What Would Happen if the Earth Stopped Spinning?

What Would Happen if the Earth Stopped Spinning?

What would happen if the earth's rotation slowed down and finally stopped spinning over a period of a few decades? ArcGIS lets us model the effects of this scenario, performing calculations and estimations and creating a series of maps showing the effects the absence of centrifugal force would have on sea level. [...]

If the earth stood still, the oceans would gradually migrate toward the poles and cause land in the equatorial region to emerge. This would eventually result in a huge equatorial megacontinent and two large polar oceans. The line that delineates the areas that hydrologically contribute to one or the other ocean would follow the equator if the earth was a perfect ellipsoid. However, due to the significant relief of both the continents and the ocean floor, the hypothetical global divide between the areas that hydrologically contribute to one or another ocean deviates from the equator significantly.

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9 Responses:

  1. 205guy says:

    Looks like everybody is getting into the what-if game. And there is a lot to be said for the brevity and wit of the original, as compared to this one. Also, this one was very much a hammer in search of a nail, as in look what I can map with my tool, hey if I add a lot of words, I can post it on the Internet.

    But what really bugs me is that the author, blinded by his tools, didn't address the issue of the earth losing its ellipsoid when rotation stops. Given earth tides of "meter-level amplitudes," it's plausible that a km-level ellipsoid wouldn't hold up on its own for very long.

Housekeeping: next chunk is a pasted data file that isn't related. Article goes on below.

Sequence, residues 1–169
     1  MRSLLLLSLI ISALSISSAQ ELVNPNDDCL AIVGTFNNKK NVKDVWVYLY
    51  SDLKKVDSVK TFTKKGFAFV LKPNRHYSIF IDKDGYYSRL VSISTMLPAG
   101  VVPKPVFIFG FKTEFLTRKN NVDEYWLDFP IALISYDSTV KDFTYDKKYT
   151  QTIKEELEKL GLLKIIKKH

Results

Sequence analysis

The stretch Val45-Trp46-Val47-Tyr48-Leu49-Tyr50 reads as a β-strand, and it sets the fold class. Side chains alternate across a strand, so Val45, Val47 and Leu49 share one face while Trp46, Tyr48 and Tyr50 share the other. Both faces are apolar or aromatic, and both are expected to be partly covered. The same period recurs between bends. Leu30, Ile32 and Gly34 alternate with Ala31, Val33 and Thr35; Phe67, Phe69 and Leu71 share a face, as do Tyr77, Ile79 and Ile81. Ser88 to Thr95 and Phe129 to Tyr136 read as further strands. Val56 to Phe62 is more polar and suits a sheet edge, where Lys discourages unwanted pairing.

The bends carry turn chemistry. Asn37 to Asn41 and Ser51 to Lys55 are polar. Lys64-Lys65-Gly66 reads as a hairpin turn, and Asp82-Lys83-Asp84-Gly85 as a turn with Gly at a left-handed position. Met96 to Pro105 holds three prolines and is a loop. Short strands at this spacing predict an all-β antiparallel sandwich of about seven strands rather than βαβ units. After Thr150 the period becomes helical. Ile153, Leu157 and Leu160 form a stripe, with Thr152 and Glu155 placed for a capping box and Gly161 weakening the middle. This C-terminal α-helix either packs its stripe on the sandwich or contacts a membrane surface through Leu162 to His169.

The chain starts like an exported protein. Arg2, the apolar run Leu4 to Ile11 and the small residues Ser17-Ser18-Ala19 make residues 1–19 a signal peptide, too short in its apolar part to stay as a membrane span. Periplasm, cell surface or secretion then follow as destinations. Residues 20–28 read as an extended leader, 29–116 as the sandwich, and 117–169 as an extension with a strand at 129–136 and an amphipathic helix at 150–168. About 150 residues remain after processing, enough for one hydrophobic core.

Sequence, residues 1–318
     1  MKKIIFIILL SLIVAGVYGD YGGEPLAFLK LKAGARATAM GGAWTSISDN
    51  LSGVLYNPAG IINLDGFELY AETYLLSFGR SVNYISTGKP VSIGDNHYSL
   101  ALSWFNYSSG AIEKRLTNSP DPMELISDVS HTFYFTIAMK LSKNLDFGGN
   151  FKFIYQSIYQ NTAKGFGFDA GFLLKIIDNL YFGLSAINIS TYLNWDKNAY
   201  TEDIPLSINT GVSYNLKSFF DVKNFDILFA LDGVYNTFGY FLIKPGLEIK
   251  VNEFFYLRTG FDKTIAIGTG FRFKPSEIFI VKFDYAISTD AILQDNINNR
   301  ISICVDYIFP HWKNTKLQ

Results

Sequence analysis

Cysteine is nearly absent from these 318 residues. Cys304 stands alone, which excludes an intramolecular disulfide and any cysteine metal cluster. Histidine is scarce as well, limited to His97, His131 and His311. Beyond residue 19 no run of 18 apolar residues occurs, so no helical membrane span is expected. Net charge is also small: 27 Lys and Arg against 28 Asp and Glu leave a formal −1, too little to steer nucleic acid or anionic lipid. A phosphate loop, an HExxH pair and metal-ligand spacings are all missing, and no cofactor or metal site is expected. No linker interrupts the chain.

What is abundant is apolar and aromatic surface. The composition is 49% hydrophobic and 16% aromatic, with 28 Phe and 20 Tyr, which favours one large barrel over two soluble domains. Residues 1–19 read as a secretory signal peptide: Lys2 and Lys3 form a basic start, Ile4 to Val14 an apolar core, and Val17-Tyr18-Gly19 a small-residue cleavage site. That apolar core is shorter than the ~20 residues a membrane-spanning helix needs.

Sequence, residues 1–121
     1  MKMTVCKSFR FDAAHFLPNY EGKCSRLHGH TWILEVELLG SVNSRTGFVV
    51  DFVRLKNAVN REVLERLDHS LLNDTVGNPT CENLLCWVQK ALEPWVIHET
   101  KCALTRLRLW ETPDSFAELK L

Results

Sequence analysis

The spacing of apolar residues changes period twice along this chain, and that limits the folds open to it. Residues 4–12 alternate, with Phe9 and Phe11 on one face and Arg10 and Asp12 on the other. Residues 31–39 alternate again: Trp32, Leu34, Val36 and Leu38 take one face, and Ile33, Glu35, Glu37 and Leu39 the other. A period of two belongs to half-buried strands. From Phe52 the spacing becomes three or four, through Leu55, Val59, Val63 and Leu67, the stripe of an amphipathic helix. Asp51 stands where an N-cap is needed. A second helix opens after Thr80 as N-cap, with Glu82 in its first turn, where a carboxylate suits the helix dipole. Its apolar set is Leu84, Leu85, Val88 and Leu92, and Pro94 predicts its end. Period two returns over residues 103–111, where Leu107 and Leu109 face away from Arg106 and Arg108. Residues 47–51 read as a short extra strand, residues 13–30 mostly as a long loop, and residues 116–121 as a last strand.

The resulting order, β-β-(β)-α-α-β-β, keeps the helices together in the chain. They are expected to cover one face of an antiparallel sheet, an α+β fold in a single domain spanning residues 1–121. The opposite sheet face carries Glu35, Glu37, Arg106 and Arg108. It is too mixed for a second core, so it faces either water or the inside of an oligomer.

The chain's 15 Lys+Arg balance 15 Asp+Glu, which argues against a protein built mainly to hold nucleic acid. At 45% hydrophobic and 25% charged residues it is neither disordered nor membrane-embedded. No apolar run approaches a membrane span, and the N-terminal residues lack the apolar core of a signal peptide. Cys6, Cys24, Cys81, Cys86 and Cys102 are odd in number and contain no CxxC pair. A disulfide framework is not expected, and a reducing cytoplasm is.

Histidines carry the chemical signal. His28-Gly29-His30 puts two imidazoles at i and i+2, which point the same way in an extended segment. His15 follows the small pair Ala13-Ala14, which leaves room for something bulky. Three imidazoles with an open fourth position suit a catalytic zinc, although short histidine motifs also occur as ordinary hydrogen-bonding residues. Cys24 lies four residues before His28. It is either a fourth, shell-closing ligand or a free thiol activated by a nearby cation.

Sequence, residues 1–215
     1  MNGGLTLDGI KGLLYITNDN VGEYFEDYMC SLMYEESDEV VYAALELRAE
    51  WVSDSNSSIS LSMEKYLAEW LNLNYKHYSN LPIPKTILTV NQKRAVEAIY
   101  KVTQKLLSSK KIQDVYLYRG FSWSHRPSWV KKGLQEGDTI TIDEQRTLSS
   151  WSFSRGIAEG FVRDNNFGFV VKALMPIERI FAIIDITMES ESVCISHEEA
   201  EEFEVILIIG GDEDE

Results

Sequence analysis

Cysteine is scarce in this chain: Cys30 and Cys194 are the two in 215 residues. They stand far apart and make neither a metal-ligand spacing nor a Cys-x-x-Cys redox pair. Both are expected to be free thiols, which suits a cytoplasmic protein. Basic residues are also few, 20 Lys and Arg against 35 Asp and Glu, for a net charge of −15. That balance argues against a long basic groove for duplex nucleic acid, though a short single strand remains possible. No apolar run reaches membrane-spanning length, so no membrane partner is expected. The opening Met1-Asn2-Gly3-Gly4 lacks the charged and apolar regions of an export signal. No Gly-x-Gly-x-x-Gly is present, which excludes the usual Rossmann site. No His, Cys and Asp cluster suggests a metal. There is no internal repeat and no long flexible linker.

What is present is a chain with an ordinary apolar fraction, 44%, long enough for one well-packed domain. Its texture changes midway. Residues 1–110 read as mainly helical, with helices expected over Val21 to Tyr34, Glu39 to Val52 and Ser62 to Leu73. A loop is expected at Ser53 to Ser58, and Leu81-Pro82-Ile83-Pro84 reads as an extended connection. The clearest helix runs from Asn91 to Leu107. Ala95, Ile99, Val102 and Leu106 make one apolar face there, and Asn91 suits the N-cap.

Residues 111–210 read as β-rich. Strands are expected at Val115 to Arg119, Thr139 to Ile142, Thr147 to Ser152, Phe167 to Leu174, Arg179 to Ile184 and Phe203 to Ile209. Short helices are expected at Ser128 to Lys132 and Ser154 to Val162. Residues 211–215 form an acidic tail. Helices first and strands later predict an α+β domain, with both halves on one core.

Sorry to be so grumpy, I usually like pretty maps, but I've discovered they need some sound reasoning too.

    • jwz says:

      Not to mention the energy required to stop the planet, and that the residual inertia in the tectonic plates would do who-knows-what, probably peel it like an egg. But hey, pretty map.

    • Edouard says:

      Oblate spheroid. And Northern Europe is still in the process of isostatic rebound after the last ice age 12000 years ago, so, although I agree with you that the planet would all go a bit spherical in this event, it would probably take a considerable amount of time, whereas the water would migrate within a remarkably short amount of time.

  2. dinatural says:

    This is an infomercial about ArcGIS the only geological/cartographical tool that any institution accepts when there are tens of good open source alternatives. ESRI is the devil's spawn and should be investigated, that is all.

  3. Martin says:

    For a moment, I got excited about this, because I thought ooh, if they've got a model that can simulate that, then it can also answer the Cube Earth question [0].

    Then I realised they'd actually just reprojected current topography onto an ellipsoid and drawn pretty pictures.

    [0] "If you could magically transform the Earth from a sphere to a cube, what would happen next?"

  4. Jake Nelson says:

    The stuff about the WGS84 ellipsoid bugs me because I hate ellipsoid-based coordinates... should stop defining elevation as relative to sea level, should be distance from Earth's center. (Someone always asks "which center": the intersection of the axis of rotation and the equatorial plane.)

  5. MetaRza says:

    Wall of text article. Does anyone have a Cliff Notes on why all the oceans would migrate to the "nearest" pole?

    • MetaRza says:

      Nevermind, I figured it out. The earth isn't a perfect sphere. The poles are closer to the center of mass.

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